If you read my post about dieting and how it never works you will see that they don’t work because they are a short-term fix, and one that invariably requires you to make drastic changes that shock your body and probably make you miserable (or at least less happy than when you were full and were eating chocolate).

Controlling weight, enjoying fitness, health and training are a long game.  The only way you can play a long game is by making it your lifestyle.  Once it is your lifestyle you can’t do without it. 

Lifestyle is a style of life.  When something is your lifestyle the calendar changing or upcoming events don’t make a difference: you do it no matter what.

If you fall into the rollercoaster camp then there’s not really a lot you can do in terms of trying to stay in shape while still enjoying yourself.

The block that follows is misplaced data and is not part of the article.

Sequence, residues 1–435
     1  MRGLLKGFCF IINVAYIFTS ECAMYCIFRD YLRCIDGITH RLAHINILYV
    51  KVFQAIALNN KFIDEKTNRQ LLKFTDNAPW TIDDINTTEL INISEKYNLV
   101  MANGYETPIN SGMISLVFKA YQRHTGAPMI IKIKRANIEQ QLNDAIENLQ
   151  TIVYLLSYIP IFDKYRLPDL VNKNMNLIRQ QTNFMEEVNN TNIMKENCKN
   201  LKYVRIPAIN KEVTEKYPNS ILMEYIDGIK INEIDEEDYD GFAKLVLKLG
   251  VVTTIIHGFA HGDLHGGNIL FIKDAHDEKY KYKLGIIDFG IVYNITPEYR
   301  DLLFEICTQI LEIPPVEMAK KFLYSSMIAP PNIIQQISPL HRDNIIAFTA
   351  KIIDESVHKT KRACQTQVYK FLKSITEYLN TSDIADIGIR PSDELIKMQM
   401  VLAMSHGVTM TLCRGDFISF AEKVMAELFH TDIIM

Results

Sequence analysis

You can follow the tips like not eating too much, trying not to snack too much, watch less Christmas TV etc. but the only result is going to be you have a less good time this Christmas and you find yourself back here again next time.

Second camp: Christmas is actually your two-week crash diet

Training is something you do as part of your lifestyle: you might not always enjoy it but you have been doing it so often and consistently you feel strange if you miss a few sessions.

Your dietary habits don’t really change during the year and it doesn’t matter if it is raining or sunny outside, or what events are coming up because if you don’t train for a week you feel odd.  Again it is because you are so used to it.

When you go on holiday or on your birthday you eat as you like and don’t worry too much about not being on the treadmill: you know you’ll be on it again once normal service is resumed.